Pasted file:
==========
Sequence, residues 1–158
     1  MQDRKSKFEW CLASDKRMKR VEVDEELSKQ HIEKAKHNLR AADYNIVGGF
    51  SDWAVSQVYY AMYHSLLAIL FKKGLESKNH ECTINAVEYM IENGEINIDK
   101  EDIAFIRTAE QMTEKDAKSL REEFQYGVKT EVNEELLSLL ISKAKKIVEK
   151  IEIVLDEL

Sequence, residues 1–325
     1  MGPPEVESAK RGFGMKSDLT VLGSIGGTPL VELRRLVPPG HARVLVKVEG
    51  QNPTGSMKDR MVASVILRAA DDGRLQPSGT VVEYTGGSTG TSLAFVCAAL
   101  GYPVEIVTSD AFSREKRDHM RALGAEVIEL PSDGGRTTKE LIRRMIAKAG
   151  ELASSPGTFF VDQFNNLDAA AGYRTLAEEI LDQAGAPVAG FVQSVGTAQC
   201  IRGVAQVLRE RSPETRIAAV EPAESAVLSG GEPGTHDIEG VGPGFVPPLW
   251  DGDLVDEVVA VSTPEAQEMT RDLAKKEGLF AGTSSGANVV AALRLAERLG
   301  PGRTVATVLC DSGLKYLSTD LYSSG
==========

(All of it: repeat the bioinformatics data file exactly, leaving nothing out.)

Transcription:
Sequence, residues 1–158
     1  MQDRKSKFEW CLASDKRMKR VEVDEELSKQ HIEKAKHNLR AADYNIVGGF
    51  SDWAVSQVYY AMYHSLLAIL FKKGLESKNH ECTINAVEYM IENGEINIDK
   101  EDIAFIRTAE QMTEKDAKSL REEFQYGVKT EVNEELLSLL ISKAKKIVEK
   151  IEIVLDEL

Sequence, residues 1–325
     1  MGPPEVESAK RGFGMKSDLT VLGSIGGTPL VELRRLVPPG HARVLVKVEG
    51  QNPTGSMKDR MVASVILRAA DDGRLQPSGT VVEYTGGSTG TSLAFVCAAL
   101  GYPVEIVTSD AFSREKRDHM RALGAEVIEL PSDGGRTTKE LIRRMIAKAG
   151  ELASSPGTFF VDQFNNLDAA AGYRTLAEEI LDQAGAPVAG FVQSVGTAQC
   201  IRGVAQVLRE RSPETRIAAV EPAESAVLSG GEPGTHDIEG VGPGFVPPLW
   251  DGDLVDEVVA VSTPEAQEMT RDLAKKEGLF AGTSSGANVV AALRLAERLG
   301  PGRTVATVLC DSGLKYLSTD LYSSG